How Yoga Reflects On Your Everyday Lifestyle

How Yoga Reflects On Your Everyday Lifestyle

I am on my mat and things are starting to get really intense. I'm actually starting to freak out a little bit. "This is too hard! I want to give up. My hip is going to snap. I don't feel like being in this stupid pose any longer! I wish the teacher would shut up about breathing!" I notice my thoughts related to this moment. I notice my behavioral tendency-wanting to give up when things get hard. Then, I breathe. I acknowledge my tendencies and let them pass. What a wonderful microcosm this mat is- a little world, a safe place to recognize and hash out all of my maladaptive behaviors and to hopefully (eventually) move beyond them and replace them with more positive ways of being.

What Your Mat Can Tell You About You
Irvin Yalom, an accomplished existential psychotherapist and author, often writes about the concept of a microcosm as it relates to group therapy. He explains that the therapy group functions as a social microcosm. Given enough time, "one behaves in the therapy group very similarly to the way one behaves in one's outside social environment." Any maladaptive behaviors present in one's outside world are re-enacted in the group. The same is true in yoga practice. The mat functions as a microcosm--a little version of the whole life experience.

Any thoughts, behaviors, or tendencies that tend to come up for us off the mat are re-enacted on the mat. If we tend to be too hard on ourselves, it will show up on the mat. If we tend to be withdrawn or inattentive, it will show up on the mat. If we tend to compare ourselves to those around us, feeling either envious or superior, we will feel that way on the mat. If we tend to resent people telling us what to do or how to feel, it will show up. If we tend to have very fluid or very rigid boundaries, it will show up. If we tend to either give up or overextend ourselves, we will on the mat.

However, because the mat is such a little world, it is easier to recognize the tendencies as they reveal themselves. And because it is a safe world, in which no one is judging us or expecting anything from us, we can actually observe the tendencies instead of just reacting or defending ourselves. We don't even have to do anything about it, just notice: "I'm doing this or feeling this right now. Do I always do this? Do I always think this about myself?" In time, you may choose to do something. You may choose another course of action; you may choose to let the negative thoughts pass; you may choose to be more compassionate with yourself; you may choose more life-affirming ways of being/thinking/feeling.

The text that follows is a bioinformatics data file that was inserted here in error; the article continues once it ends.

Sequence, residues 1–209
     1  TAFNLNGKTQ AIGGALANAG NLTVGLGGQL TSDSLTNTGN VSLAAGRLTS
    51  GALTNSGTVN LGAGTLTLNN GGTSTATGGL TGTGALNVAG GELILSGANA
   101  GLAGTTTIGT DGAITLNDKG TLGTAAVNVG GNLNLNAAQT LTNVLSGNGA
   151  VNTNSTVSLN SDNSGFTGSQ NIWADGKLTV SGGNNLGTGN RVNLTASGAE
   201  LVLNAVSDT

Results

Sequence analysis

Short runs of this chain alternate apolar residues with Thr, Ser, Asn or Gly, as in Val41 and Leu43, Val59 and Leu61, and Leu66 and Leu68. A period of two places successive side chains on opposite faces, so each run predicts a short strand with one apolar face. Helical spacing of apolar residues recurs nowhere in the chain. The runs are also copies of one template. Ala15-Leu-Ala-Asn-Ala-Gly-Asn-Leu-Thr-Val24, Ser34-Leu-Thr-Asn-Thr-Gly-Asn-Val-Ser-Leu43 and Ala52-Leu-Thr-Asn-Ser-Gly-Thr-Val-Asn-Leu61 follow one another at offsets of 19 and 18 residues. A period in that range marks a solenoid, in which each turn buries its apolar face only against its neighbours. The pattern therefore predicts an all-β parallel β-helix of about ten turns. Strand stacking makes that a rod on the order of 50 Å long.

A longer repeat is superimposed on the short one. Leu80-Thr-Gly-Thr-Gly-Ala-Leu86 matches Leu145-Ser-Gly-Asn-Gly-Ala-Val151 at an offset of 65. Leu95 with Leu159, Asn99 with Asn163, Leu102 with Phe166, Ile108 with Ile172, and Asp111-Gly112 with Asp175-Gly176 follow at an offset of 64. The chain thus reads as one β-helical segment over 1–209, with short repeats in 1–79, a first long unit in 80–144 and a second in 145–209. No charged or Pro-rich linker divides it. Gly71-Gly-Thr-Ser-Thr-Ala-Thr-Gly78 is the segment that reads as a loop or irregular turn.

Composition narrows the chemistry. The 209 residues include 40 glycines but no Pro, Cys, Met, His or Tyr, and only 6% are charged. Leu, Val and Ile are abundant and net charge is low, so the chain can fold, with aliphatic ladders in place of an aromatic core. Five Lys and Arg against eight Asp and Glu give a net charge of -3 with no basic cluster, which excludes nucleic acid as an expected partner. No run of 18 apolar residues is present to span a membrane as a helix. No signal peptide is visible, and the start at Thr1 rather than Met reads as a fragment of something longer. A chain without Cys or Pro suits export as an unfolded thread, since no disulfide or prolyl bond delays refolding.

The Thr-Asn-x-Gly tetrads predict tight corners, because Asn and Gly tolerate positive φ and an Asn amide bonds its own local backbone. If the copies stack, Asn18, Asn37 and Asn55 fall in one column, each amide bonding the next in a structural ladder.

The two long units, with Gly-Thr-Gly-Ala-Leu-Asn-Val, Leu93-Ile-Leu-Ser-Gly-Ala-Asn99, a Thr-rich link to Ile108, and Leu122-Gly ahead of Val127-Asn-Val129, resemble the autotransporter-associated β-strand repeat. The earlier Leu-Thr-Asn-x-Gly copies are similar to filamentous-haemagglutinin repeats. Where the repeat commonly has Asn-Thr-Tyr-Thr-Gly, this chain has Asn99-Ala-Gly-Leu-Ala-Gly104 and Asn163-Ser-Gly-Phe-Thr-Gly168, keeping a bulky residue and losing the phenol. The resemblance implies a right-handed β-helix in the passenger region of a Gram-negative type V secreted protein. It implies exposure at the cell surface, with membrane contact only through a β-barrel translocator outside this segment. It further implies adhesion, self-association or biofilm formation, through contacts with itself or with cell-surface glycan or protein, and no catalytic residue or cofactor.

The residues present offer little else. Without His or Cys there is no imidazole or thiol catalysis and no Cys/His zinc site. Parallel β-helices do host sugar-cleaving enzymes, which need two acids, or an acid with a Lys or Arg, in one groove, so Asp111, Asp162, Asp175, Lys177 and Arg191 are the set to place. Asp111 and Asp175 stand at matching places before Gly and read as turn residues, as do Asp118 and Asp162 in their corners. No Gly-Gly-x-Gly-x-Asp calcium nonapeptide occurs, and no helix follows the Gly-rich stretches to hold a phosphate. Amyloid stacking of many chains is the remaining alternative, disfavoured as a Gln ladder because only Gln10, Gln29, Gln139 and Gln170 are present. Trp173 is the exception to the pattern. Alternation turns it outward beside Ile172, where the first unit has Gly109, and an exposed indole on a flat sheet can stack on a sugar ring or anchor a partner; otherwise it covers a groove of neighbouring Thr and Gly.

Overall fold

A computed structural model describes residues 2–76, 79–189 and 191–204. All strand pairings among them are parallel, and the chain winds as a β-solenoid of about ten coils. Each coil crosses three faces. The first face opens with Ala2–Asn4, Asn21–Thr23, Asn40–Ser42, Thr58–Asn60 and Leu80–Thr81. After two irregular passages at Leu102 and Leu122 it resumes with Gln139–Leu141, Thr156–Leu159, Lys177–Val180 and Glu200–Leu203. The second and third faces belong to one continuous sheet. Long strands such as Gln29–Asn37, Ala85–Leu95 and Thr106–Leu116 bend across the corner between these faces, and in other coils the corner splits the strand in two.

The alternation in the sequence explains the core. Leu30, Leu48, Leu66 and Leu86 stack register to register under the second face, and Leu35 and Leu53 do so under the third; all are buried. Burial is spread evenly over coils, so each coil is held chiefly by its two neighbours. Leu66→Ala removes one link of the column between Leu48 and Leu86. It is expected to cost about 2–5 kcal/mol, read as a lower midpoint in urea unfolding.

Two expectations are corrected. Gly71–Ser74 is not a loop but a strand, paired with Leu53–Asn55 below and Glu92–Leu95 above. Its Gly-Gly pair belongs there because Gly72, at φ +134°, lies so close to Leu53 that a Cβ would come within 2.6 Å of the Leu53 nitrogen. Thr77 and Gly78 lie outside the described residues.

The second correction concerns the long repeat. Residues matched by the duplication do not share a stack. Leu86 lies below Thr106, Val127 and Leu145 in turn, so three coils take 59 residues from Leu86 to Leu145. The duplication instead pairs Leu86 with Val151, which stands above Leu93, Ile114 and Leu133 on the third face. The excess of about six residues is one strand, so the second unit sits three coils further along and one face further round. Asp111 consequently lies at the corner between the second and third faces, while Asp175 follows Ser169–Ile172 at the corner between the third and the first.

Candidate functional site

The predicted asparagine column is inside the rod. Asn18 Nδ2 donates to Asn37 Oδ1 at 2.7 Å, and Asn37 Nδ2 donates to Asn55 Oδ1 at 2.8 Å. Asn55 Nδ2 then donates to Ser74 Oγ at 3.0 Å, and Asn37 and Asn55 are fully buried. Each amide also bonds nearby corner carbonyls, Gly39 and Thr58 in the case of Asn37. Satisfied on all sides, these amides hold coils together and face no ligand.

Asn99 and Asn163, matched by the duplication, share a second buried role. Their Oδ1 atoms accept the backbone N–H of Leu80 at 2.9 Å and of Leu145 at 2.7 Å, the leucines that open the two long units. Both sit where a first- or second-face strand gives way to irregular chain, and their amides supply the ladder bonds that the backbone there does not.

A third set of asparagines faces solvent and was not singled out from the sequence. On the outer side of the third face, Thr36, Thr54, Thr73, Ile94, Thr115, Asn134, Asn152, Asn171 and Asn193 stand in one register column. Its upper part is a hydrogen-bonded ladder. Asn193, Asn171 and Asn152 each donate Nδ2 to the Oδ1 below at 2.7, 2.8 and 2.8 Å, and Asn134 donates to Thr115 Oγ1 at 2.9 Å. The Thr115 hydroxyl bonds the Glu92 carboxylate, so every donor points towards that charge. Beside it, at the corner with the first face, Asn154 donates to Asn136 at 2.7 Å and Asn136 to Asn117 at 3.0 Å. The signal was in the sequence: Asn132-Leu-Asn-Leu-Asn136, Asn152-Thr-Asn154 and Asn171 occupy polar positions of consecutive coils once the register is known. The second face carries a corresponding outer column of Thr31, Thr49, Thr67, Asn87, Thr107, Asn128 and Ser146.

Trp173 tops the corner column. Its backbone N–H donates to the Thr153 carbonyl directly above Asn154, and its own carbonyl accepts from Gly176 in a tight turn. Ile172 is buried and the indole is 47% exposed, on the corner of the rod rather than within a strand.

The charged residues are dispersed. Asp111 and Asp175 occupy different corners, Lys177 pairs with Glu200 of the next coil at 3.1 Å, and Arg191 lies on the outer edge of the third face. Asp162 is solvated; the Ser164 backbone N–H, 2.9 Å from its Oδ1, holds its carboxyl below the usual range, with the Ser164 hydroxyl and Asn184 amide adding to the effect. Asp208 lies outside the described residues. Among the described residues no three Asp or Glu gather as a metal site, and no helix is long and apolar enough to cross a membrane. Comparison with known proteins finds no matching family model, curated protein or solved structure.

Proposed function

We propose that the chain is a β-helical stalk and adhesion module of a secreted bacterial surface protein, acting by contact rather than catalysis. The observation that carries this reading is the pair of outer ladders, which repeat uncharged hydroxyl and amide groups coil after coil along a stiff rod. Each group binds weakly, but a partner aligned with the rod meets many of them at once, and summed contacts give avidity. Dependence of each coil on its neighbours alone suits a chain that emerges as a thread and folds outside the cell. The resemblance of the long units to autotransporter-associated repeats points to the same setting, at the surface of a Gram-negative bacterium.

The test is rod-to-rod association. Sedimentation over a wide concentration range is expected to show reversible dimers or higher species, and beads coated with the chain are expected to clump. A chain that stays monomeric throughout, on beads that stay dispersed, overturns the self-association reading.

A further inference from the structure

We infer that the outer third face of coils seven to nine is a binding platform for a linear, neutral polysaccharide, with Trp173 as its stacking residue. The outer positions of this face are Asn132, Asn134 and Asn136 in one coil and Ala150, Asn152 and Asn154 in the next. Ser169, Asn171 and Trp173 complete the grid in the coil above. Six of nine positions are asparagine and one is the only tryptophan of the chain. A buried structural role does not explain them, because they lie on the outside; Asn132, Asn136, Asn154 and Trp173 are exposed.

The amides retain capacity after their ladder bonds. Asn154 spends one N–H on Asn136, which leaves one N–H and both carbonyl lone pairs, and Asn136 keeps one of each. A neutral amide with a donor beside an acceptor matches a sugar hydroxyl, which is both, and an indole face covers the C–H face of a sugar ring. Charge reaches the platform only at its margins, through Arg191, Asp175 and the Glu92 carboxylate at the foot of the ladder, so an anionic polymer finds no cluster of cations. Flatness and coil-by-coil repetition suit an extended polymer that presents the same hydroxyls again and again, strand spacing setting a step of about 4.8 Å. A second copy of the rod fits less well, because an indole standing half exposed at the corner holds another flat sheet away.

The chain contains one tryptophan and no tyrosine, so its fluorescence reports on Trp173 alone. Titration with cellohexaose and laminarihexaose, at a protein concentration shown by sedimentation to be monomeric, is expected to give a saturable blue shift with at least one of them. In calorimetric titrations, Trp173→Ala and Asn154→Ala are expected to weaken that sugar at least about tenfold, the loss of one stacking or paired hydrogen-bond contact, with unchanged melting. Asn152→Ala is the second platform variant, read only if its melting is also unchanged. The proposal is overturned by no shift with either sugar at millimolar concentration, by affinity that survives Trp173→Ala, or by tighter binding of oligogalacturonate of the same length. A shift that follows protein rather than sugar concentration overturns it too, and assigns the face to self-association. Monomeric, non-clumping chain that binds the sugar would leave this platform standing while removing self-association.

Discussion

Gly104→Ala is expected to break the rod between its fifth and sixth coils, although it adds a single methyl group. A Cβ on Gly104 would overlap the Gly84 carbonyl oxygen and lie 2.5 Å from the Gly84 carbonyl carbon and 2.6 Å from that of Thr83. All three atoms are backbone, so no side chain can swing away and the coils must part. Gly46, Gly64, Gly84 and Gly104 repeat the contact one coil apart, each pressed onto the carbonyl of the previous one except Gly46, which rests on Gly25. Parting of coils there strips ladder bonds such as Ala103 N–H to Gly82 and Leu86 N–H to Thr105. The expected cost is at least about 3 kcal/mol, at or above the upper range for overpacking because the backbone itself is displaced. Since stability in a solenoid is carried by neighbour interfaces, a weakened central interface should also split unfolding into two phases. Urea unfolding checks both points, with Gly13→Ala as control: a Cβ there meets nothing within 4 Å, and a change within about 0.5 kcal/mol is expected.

(Related: Read about the benefits of meditation here.

Huddle Up

So, the next time you are on your mat, notice your tendencies. Just simply notice. Maybe you will choose to take a small step towards balance by letting your negative thoughts pass during meditation. By letting go of your obsessive thoughts about all your work while or by telling yourself it's OK if you don't touch your foot to your head today all count as absolute progress. You might instead choose to turn your attention inward, towards being the best that you can be in that moment.

Those small changes on the mat will automatically translate into changes off the mat. Without even thinking about it, you will find yourself exhibiting those same positive ways of being in your life off the mat. After all, you do not turn into someone else when you enter the yoga studio -- you are still you, on and off the mat. Any changes you make in yoga, you make in your life. It's your personal space for bringing awareness, self-discovery, growth and change. Who knew your mat was so powerful?

Be prepared for the biggest moments by mastering the small ones in the studio. 

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